Dental implantology has indeed come a long way. It is rather awe-inspiring to realize that it required a rather serendipitous incident in the 1950s to give birth to “osseointegration” Prof. Per-Ingvar Branemark, a Swedish orthopedic surgeon, while studying the healing aspects of bone annoyingly, found that he could not remove a titanium inspection chamber from a rabbit's tibia.[1] Although dental implants have metamorphosed the very face of oral health care delivery in the field of replacing missing teeth, poor home care leading to accumulation of dental plaque and trauma from occlusion has become one of the leading causes of implant failure [Figure 1]a. One of the management techniques involves guided bone regeneration (GBR). It is based on the same principles of guided tissue regeneration (GTR) derived from the classic studies of Gottlow et al.[2]
Figure 1: Peri-implantitis. (a) Soft tissue growth-preoperative. (b) Radiograph with bone density measurement-preoperative

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We present one such case report where the application of the principles of regenerative periodontics successfully restored the periodontium.


  Case Report Top


A 69-year-old male, ex-serviceman from the defense research and development organization, reported to the dental outpatient department of a tertiary care center, with the chief complaint of inability in wearing of the lower dentures. History revealed that the patient was provided with an implant-supported complete denture 5 years ago. He was quite comfortable with the dentures until the last 6 months when he noticed a small soft growth on the labial aspect of the dental implant on the right side; the lesion reportedly grew in dimensions over the last 6 months, leading to a gradual inability in the wearing of the lower implant-supported denture.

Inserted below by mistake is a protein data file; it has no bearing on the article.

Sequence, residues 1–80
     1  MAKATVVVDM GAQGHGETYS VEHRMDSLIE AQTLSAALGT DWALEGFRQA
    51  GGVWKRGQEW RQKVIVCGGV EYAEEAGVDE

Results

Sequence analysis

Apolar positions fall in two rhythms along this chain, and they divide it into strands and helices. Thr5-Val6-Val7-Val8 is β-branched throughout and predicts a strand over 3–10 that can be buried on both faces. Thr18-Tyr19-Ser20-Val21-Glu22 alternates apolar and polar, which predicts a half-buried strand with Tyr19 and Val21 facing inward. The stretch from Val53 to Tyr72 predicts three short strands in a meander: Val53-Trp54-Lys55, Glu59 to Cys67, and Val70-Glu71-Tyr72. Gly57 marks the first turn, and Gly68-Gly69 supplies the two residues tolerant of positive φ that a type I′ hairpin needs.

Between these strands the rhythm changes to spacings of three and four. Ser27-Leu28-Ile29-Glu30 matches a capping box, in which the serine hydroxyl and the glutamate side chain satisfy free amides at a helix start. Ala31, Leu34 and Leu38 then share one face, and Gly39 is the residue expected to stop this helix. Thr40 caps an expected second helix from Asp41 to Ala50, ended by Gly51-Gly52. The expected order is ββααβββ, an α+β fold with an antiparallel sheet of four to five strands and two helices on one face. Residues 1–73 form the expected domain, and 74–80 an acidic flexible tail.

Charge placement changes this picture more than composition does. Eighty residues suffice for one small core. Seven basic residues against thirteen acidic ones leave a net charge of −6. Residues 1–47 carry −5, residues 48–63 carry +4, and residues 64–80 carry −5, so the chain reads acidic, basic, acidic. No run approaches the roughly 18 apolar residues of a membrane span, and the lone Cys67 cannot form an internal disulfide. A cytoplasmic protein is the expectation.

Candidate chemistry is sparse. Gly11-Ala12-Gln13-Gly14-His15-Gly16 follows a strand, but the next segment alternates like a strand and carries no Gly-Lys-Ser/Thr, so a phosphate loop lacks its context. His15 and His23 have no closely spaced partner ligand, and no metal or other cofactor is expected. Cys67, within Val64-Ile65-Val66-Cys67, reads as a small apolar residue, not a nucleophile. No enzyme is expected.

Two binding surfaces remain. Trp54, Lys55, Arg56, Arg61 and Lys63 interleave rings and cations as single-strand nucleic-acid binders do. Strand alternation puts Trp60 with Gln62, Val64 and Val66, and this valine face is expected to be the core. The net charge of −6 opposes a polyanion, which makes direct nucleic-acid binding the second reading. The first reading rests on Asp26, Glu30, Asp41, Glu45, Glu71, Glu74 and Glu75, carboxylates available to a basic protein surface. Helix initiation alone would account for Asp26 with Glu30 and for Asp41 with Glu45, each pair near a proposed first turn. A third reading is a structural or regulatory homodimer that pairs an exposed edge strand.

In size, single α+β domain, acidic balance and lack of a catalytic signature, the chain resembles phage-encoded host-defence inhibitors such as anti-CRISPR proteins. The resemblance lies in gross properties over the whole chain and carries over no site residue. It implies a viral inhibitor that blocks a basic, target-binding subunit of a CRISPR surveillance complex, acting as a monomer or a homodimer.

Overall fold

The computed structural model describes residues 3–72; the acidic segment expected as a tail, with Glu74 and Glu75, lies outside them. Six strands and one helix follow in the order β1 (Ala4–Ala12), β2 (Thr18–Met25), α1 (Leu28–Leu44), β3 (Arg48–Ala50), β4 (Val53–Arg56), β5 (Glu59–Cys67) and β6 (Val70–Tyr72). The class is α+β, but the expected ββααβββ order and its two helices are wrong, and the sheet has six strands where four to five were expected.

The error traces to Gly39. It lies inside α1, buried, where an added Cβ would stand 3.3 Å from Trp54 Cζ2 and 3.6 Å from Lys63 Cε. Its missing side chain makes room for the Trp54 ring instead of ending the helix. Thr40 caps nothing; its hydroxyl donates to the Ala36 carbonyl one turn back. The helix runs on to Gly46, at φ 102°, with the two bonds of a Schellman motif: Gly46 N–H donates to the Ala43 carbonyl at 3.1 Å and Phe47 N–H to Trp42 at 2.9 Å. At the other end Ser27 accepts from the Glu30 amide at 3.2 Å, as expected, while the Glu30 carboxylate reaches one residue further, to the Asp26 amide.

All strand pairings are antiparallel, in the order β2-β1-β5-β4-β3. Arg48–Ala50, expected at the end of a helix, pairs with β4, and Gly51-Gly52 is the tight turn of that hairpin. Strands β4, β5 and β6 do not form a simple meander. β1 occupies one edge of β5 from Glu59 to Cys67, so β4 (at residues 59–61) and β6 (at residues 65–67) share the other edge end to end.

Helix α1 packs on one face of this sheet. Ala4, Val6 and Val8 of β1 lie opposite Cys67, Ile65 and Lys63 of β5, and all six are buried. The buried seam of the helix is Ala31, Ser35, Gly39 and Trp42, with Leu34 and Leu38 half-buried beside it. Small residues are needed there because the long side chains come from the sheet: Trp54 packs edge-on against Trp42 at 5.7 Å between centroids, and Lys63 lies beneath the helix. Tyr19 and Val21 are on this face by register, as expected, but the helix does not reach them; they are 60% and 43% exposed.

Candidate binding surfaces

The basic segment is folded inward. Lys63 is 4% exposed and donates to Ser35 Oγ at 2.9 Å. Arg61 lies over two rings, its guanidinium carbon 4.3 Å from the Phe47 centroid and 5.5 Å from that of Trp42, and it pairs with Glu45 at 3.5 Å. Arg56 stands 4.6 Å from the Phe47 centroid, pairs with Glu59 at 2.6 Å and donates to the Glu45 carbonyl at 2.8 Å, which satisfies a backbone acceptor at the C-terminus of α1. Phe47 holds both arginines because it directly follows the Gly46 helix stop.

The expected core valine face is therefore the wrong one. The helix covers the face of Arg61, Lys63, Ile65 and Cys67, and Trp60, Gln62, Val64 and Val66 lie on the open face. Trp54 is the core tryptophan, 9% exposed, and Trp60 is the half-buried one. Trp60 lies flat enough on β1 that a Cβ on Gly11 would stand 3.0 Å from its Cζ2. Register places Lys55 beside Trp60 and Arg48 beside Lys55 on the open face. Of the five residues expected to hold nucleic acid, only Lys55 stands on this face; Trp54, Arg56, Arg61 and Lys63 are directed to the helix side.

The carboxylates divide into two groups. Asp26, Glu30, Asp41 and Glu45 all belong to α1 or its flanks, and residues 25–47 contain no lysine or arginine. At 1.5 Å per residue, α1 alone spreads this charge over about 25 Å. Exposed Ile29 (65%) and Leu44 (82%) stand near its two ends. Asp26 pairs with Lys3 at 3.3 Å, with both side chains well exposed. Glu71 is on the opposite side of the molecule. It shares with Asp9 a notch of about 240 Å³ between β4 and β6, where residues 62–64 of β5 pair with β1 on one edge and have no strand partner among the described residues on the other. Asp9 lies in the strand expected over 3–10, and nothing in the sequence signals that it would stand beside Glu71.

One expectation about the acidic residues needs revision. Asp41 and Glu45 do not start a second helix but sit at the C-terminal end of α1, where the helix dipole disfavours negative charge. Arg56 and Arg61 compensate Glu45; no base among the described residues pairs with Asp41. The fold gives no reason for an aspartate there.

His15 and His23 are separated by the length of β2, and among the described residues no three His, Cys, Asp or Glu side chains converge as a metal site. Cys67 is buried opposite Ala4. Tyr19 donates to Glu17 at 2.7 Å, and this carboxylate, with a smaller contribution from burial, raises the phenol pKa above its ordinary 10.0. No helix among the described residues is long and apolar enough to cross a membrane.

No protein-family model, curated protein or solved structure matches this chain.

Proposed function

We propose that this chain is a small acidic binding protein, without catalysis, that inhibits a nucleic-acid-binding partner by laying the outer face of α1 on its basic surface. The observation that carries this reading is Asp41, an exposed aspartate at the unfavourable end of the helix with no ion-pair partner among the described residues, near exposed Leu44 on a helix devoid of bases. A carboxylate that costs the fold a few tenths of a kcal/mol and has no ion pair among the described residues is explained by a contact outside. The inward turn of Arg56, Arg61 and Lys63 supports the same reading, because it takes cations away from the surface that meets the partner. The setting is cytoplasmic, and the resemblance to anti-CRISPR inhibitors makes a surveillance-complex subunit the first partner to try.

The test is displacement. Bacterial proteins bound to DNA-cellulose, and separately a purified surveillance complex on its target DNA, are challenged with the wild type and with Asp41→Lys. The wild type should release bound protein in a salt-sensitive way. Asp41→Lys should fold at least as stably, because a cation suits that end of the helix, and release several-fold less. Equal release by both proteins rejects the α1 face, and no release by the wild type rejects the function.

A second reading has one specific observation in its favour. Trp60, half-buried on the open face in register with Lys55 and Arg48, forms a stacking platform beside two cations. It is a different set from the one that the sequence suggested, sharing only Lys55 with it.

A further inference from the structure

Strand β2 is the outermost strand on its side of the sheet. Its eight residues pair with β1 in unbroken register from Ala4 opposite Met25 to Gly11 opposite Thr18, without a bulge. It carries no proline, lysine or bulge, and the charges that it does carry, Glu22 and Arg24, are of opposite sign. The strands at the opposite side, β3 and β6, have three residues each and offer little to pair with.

General and systemic examinations were noncontributory. Intraoral examination revealed a firm, tender, pedunculated fibrotic growth measuring 3 cm × 2 cm located inferiorly and buccally to a titanium dental implant on the right aspect of the edentulous mandible [Figure 1]a. Right submandibular lymphadenopathy was also noticed on palpation. Radiographic examination and mineral density analysis revealed bone loss and reduction in bone mineral density [Figure 1]b. The patient was administered a course of amoxicillin and diclofenac potassium and was placed on 0.2% chlorhexidine rinse as part of periodontal health maintenance. Intensive oral hygiene instructions were given. It was decided to address the condition by excision of the growth and regeneration of the defect by applying the principles of GBR. His hemogram and other biochemical investigations, including blood sugar, were normal.